Penthouse at Skyline Tower sets price record in Queens

Two-bedroom at Jiashu Xu’s condo fetches $2.3K psf for bulk purchaser Risland

Jiashu Zu’s Skyline Tower Condo Sets Price Record for Queens
Skyline Tower and Modern Spaces' Eric Benaim (Modern Spaces, Google Maps)

Queens’ tallest building is reaching unprecedented heights for pricing, too.

A penthouse at Chris Jiashu Xu’s Skyline Tower set a Queens price per square foot record when it closed last week for $2.3 million, or $2,300 per square foot, according to Modern Spaces, which heads sales at the building.

The seller of PH302 is Risland Holdings, which had acquired the penthouse as part of a $161 million bulk purchase of Skyline apartments from Xu’s firm a year ago. Risland is an equity investor in the condominium.

The 66th-floor apartment at 3 Court Square topped the mark of $2,200 per square foot set by a larger penthouse in the tower. That unit sold earlier this year for $2.9 million.

Modern Spaces CEO Eric Benaim declined to share the identity of the buyer, though he confirmed it was an all-cash deal.

The two-bedroom apartment features views of the Manhattan skyline, white oak flooring and a walk-in closet in the primary bedroom. Amenities at the 67-story building include a fitness center, pool, children’s playroom and pet spa.

Nine months after Risland’s bulk purchase, the Hong Kong-based investment company used the units to secure a $60 million loan from Emerald Creek Capital.

Four years after sales launched at Skyline Tower, Queens’ first billion-dollar project, 587 of its 802 units have sold and another 13 are in contract, according to the sales team.

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Xu’s United Construction and Development aimed for a $1.1 billion sellout at Skyline Tower, making it the priciest condo ever in Queens. The building has attracted a slew of international and all-cash buyers, but selling out the ambitious project has been a challenge.

Deals flourished at the building after Amazon announced in 2018 that it would build a Long Island City office campus, but the company ditched its plans in February 2019.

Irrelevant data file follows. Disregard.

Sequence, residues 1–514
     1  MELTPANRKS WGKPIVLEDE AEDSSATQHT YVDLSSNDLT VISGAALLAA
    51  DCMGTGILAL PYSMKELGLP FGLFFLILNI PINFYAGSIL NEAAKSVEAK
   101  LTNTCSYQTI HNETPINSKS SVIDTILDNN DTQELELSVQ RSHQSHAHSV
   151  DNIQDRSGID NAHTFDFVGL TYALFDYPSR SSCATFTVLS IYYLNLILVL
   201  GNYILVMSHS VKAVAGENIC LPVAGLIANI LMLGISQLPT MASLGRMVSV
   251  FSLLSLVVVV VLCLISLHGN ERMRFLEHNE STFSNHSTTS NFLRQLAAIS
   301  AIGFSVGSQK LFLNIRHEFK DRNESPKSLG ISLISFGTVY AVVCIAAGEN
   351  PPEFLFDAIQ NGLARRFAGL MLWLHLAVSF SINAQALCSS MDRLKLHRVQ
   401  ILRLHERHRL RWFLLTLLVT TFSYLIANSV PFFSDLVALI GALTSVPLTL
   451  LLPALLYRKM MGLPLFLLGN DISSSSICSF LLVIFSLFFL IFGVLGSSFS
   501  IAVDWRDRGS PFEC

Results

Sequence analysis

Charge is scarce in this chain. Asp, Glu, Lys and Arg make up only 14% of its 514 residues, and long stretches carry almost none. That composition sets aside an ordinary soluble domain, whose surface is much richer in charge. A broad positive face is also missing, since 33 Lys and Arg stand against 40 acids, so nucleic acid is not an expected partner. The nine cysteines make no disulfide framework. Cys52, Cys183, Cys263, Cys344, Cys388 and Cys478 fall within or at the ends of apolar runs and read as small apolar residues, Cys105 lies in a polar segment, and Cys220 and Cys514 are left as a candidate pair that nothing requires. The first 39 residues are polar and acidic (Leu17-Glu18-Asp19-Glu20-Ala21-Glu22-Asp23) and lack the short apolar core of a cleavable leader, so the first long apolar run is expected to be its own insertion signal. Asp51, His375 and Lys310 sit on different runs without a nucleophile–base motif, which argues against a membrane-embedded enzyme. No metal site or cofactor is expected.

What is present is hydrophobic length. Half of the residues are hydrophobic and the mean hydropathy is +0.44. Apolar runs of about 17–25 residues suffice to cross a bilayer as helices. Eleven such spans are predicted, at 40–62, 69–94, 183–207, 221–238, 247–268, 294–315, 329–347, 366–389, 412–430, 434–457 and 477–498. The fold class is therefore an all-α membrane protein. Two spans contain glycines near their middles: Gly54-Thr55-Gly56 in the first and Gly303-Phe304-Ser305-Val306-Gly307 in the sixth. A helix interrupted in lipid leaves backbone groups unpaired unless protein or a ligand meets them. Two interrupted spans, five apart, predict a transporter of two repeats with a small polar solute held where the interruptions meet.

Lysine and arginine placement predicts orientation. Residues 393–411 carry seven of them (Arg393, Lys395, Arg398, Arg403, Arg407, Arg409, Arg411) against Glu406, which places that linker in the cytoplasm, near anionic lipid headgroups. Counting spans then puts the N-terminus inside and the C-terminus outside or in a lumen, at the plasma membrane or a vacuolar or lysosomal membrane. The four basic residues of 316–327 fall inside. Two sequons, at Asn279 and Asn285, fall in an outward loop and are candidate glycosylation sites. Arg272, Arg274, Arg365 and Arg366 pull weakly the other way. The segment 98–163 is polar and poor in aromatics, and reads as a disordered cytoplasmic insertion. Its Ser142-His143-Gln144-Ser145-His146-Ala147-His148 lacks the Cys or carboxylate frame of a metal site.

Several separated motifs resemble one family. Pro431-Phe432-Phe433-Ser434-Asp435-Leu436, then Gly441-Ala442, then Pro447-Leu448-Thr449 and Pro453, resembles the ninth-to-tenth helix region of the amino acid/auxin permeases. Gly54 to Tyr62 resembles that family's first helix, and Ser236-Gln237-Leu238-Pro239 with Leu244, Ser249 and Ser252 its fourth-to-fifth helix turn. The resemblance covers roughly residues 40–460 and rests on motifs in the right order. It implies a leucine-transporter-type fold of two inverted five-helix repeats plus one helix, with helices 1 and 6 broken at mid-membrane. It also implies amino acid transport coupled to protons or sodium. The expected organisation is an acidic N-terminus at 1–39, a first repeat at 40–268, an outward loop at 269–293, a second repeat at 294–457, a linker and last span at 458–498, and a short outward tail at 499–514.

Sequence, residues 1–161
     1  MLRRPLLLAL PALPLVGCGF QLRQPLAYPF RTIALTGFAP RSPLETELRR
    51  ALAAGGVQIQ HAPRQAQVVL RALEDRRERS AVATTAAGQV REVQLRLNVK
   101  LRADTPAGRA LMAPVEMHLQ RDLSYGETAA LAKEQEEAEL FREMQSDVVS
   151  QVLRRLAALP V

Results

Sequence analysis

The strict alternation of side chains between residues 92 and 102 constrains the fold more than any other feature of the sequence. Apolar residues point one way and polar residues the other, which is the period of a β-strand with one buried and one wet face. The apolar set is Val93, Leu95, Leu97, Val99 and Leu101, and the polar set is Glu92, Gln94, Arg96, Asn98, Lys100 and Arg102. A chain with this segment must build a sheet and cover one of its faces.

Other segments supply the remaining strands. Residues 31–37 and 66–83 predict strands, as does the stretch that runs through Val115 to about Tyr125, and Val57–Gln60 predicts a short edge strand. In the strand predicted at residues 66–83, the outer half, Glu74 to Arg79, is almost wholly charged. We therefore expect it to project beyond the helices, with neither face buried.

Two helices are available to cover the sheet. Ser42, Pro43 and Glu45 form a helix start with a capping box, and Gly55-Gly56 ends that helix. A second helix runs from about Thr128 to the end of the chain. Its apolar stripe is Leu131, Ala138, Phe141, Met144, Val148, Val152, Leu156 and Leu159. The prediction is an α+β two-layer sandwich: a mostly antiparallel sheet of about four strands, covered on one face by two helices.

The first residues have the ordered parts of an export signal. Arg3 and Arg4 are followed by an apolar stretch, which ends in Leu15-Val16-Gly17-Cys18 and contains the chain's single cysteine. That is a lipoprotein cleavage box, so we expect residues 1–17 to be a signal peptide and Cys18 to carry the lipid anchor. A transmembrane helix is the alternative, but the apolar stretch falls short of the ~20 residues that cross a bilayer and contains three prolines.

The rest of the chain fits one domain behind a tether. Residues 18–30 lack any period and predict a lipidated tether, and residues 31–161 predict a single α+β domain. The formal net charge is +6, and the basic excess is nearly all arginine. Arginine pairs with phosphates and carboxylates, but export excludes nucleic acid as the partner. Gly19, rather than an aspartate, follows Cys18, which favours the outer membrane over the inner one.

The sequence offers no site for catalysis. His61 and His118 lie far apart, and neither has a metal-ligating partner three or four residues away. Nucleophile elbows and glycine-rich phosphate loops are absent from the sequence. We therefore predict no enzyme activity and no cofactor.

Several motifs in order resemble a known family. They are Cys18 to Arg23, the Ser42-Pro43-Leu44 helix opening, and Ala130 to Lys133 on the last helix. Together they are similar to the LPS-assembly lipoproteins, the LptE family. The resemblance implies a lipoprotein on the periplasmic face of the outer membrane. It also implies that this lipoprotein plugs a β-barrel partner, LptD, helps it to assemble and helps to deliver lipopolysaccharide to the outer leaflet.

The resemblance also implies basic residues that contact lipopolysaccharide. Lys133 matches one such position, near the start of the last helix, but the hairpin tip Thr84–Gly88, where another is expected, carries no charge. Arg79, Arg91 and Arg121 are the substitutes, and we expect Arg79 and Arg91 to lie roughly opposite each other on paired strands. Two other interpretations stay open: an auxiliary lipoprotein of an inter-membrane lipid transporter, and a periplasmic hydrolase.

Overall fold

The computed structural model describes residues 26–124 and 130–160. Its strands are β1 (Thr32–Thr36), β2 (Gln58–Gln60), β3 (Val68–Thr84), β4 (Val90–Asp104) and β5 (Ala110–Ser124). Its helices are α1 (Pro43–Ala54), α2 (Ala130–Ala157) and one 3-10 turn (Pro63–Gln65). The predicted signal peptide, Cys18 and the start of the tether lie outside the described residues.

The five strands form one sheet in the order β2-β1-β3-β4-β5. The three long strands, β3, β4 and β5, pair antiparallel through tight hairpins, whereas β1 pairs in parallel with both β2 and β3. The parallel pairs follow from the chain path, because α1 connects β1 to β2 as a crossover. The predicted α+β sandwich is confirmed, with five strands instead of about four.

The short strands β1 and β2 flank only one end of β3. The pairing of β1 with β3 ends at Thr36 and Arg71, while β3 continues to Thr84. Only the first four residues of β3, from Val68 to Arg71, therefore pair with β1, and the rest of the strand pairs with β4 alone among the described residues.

The pandemic hit a year later, slowing contract signings again, but Benaim said sales have picked back up over the past few months, propelled by the market’s inventory shortage and rising rents.

“Early in the year, people weren’t sure what was happening,” Benaim said, noting that buyers have since adjusted to inflation and higher mortgage rates. “People are just like, ‘This is it. This is going to be the new normal for the next year or two.’”

Benaim also attributed the uptick in sales to new retail options in the area, including Target and Trader Joe’s. “The surrounding area of Skyline has changed dramatically,” Benaim said.

Sales of the tower’s penthouse collection launched in 2021 with Nest Seekers Development Marketing at the helm. Modern Spaces, which has handled the bulk of Skyline Tower’s listings since 2019, has since taken over all sales.

Last year, a group of 90 buyers — just shy of 20 percent of unit owners at the time — filed a complaint with the state attorney general about the tower’s marketing, management and construction, including flooding and a lack of amenities.

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From left: Gary Barnett and Central Park Tower; Josh Zegen and 222 East Broadway; Chris Xu and Skyline Tower; Ran Eliasaf and 125 Greenwich; Seth Weissman and 199 Chrystie Street (Getty, Extell Development, Madison Realty Capital, Northwind Group, 199 Chrystie Street)
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